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I have an Azure SQL DB (OLTP), that is under considerable load, let's call it AppDB. AppDB is transactionally consistent, but new rows are written to it constantly. Now I need to populate ReportingDB based on AppDB state every 30 minutes. Reporting population job runs several moderately big queries against AppDB, those queries, unfortunately, can't be wrapped in a transaction but still have to all run on consistent data. That is, I can't have situation Query 1 runs=> new rows inserted into AppDB => Query 2 runs. All my queries have to see data the way it was when Query 1 started.

I was hoping I can use Snapshots to create a read-only snapshot for Reporting job to use. From description, creation of such a snapshot should be fast and subsequent "copy on write" performance hit should be manageable. Snapshots lifetime would be under 10 minutes on average.

But now it looks like Azure SQL does not support CREATE DATABASE ... AS SNAPSHOT OF ..., it only supports CREATE DATABASE ... AS COPY OF ..., which I expect to be a lot slower (probably not meant to be used for reporting snapshot).

What would be a good way to create quick and short-lived read-only snapshots for reporting in Azure SQL DB?

P.S. We have considered replication, but it is not an option for us at the moment due to policy limitations.

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Azure SQL Database doesn't support Database Snapshots, so there's no other option besides:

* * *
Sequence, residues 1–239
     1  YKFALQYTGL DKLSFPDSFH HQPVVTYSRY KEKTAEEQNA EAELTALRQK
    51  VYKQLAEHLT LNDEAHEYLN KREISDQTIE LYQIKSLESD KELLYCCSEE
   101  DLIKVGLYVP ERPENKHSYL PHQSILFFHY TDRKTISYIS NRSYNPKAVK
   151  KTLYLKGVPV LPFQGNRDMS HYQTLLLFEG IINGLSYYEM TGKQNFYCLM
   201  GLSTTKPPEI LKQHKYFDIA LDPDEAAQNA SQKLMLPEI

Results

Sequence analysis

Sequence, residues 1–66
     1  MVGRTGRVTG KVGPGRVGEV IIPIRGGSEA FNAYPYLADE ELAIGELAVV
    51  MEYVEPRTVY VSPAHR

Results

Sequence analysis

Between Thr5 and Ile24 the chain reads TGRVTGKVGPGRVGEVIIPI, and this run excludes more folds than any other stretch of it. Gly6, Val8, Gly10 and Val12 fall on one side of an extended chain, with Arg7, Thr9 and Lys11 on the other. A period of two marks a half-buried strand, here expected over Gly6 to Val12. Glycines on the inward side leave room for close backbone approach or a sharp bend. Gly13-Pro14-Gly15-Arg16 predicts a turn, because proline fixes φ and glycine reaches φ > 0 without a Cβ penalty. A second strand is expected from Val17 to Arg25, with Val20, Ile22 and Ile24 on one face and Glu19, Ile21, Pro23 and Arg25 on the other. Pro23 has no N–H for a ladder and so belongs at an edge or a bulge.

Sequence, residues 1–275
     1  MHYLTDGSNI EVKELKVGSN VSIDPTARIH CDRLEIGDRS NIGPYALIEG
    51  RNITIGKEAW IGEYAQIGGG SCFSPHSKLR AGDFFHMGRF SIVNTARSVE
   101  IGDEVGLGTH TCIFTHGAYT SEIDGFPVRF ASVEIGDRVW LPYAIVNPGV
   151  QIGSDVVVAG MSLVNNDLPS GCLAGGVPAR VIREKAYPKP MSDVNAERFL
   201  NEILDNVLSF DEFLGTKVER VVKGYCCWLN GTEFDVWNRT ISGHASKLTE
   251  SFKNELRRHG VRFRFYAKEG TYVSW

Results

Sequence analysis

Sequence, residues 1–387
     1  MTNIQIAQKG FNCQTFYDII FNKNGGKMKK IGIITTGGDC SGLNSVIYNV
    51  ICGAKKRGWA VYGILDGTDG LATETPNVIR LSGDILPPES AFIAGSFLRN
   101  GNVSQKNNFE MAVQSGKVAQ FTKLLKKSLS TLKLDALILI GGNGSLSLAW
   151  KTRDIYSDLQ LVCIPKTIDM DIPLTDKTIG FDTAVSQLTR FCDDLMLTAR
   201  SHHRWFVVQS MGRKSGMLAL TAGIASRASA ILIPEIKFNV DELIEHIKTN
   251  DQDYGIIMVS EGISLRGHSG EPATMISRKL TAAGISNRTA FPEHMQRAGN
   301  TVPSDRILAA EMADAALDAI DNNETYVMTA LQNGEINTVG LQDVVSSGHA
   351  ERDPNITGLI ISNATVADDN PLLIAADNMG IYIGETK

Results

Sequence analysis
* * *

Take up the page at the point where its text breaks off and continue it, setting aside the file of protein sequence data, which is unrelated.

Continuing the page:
1. Running the reporting queries in a SNAPSHOT transaction.

or

  1. Creating a consistent copy of the database with COPY or point-in-time restore.
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  • Thanks for the answer. I take it "COPY or point-in-time restore" is an actual "copy all data" approach and won't be good to run every 30 minutes on a PROD DB with alreqdy considerable load? Jul 24 at 21:14
  • The implementation details of COPY are not public, but at least restore doesn't touch to the production database directly. Jul 24 at 21:17
  • My concern is, how heavy is the creation of a "point in time restore"? Is it closer to Snapshot or to Backup? Can it be done 48 times in 24 hours? Or is it incremental? Jul 25 at 12:03
  • It's a full restore, so for a large or busy database it can take quite a while, although it won't affect your primary database. docs.microsoft.com/en-us/azure/azure-sql/database/… Jul 25 at 13:40
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You can use read only replicas but they are not frozen so they can receive some new data.

https://docs.microsoft.com/en-us/azure/azure-sql/database/read-scale-out

Maybe you can fix the issue with some kind of filter based on insert/update datetime.

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  • Any chance replication could be paused for about 10 minutes? Jul 25 at 12:00
  • You can stop replication, but you can't restart it. So no pause. Jul 25 at 13:44

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